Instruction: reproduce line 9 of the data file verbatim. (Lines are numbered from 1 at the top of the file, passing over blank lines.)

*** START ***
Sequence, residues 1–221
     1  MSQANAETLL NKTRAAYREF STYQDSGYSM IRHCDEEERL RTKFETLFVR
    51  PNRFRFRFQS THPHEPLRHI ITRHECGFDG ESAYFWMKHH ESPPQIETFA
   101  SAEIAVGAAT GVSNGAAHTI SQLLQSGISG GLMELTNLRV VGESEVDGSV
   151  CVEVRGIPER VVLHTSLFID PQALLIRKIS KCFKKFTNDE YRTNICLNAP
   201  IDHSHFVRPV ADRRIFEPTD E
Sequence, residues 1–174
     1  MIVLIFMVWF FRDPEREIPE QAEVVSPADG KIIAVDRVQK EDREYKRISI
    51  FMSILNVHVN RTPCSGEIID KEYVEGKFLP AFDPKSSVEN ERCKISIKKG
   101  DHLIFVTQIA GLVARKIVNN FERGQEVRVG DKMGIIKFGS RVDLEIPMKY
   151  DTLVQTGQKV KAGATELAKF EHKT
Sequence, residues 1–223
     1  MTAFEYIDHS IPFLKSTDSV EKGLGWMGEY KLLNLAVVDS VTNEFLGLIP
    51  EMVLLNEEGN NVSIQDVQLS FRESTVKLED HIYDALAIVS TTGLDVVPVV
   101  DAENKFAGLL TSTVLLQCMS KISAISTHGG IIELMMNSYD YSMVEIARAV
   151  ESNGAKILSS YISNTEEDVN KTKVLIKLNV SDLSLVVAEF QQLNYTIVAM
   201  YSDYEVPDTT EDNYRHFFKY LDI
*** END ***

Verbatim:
    51  FMSILNVHVN RTPCSGEIID KEYVEGKFLP AFDPKSSVEN ERCKISIKKG